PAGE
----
Our Declaration of Independence states that we were “endowed by their Creator with certain unalienable rights, that among these are life, liberty and the pursuit of happiness;” “among these” telling us there are many other unalienable rights.

Our 9th Amendment holds that “The enumeration in the Constitution of certain rights shall not be construed to deny or disparage others retained by the people.”

How could our Founding Fathers, with their agrarian economy and love of booze, not have understood sowing crops on one’s own land and using the harvest to alter one’s mood to be unalienable rights not enumerated yet vital to life, liberty, and the pursuit of happiness?

And for Me The People, it’s personal.

I’m a tall, intelligent, able-bodied, middle-aged, cisgender, heterosexual, white American male. I’m just a Bible short of winning the Privilege Decathlon. When I was denied my golden ticket up the ladder of corporate success because a test of my armpit hair revealed the presence of marijuana metabolites, it was the first time in my life I had ever experienced any sort of discrimination. Like a superhero origin story, from that day I vowed I would use my powers of privilege to ensure nobody ever again had to be harassed, searched, prejudged, disqualified, arrested, jailed, or killed over marijuana.

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4 Comments

Russ, you are so on-target with this piece! Thank you for being a true radical–in the sense of getting to the ROOT of the issue. The war on drugs has always been, of course, a war on people and it can only be waged by violating the basic principles of a free society and the basic human rights of the citizens. The drug persecution functioned as a Totalitarian Trojan Horse, establishing one after another the legal pretexts that empowered the government to spy on, entrap, and incriminate the populace for non-harmful personal behavior, and then amplifying the intimidation by means of advanced electronic technology along with unprecedented Gestapo-style police terrorism. Back in 1983, I wrote: “The drug prohibition campaign is a dual menace: it provides a scapegoat instead of a solution for genuine problems, and it serves as a disguised way to strip American citizens of those inconvenient old 18th century relics–personal freedom and individual rights.” The drug war has accustomed Americans to the practice of treating ALL persons as “suspects.” It has incorporated into our laws and our corporate culture the vicious legal fiction of hemp as a dangerous, addictive, immoral substance. The real immorality has been in the hypocrisy and cowardice of our political leaders and mass communications media; the true danger has been in the transformation of a formerly free society into a high-tech surveillance state with an enormous Gulag-like prison-industrial complex; the most disabling and degenerate addiction we struggle with is to try to “fix” every perceived threat and every social maladjustment by resorting to coercion and violence. You are an eloquent and articulate voice of reason, please keep speaking truth to power as we approach a political point of no return in the destiny of our country and our planet.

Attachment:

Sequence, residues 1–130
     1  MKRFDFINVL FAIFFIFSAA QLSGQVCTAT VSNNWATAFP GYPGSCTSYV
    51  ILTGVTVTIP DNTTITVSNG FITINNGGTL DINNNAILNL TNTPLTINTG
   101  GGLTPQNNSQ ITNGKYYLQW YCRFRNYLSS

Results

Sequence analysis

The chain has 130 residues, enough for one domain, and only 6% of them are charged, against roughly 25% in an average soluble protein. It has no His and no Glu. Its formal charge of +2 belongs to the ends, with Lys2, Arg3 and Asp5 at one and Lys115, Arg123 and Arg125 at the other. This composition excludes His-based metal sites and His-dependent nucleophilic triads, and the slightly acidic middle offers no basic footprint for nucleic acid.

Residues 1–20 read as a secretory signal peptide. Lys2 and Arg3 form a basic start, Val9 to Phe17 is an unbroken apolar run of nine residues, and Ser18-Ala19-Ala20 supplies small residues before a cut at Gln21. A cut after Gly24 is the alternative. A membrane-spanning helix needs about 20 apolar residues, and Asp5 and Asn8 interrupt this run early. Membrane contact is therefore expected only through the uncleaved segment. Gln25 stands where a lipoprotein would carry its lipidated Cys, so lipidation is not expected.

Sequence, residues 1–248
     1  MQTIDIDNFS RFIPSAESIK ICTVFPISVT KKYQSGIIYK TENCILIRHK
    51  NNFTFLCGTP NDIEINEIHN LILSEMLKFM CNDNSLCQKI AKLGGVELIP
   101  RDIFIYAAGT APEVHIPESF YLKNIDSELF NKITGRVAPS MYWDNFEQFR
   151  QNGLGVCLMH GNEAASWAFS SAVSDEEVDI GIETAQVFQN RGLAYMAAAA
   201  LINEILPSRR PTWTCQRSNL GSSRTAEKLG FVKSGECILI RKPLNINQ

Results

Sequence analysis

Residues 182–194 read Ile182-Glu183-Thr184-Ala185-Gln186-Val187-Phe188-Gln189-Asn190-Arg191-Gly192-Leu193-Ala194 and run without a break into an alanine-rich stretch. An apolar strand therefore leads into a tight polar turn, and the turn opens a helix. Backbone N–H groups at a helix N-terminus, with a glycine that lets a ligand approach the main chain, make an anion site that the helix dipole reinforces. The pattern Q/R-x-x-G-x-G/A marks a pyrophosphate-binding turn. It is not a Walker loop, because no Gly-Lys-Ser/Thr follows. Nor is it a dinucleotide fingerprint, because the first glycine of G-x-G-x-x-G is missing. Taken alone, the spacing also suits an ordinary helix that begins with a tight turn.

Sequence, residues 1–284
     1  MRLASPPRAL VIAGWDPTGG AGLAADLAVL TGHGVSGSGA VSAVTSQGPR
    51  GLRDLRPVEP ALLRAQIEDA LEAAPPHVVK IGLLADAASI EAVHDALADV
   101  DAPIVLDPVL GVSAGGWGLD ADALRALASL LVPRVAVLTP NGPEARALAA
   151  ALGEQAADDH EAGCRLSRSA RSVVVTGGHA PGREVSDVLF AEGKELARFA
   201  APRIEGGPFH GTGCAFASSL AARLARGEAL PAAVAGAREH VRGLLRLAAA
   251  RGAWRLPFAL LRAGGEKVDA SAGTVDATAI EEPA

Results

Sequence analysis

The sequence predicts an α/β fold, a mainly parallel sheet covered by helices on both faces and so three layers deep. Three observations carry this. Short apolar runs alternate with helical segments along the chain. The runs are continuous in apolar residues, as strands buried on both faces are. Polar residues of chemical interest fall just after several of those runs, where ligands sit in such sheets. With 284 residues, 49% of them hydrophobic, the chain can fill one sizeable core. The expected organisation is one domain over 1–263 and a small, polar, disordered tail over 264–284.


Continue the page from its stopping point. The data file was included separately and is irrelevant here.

Good article! – I don’t know how many times some tunnel-vision prohibitionist has responded to a post of mine with: “We get it. You just want to get high.”

As if wanting to get high were some grand, moral failing – which, of course, does not apply to those who consume the ‘officially approved’ recreational drug alcohol. – That they want to get tipsy, buzzed, faded, gassed, hammered, juiced, loaded, lubricated, ripped, or just ‘warm and fuzzy’ – is somehow not a moral failing.

What they certainly don’t get are the larger reasons you have given and why most of us work in marijuana reform. I think this is best epitomized by the example of Professor Julian Heicklen. –

He never smoked, or cared about, marijuana. But when he retired in 1998, he decided the most important thing he could do was to lead marijuana smoke-outs at the Gates of Penn State, every Thursday for more than a year. Of course, he was arrested several times. When asked why he was doing this, he replied:

“Marijuana is the messenger, not the message. The issue is whether we will live in freedom or in tyranny!”

Most people are under the impression that medical marijuana only negates your pain, depression, spasms, insomnia, etc by getting you “high”. I use mmj and it has so much CBD and CBG and very small percentages of THC, that it would take an enormous amount to get stoned. I had never engulfed in illegal marijuana, so I am basing this on my new experiences. Yes, I have an altered body state. Nothing compared to my horrific state while on opioids. Not looking back, only forward to a natural, relief, finally, from my health problems. It is a shame I have to be registered as if I were a sexual deviant or other type of criminal to be able to treat myself. I feel as if my First Amendment rights are being trampled on daily. Keep up the good fight.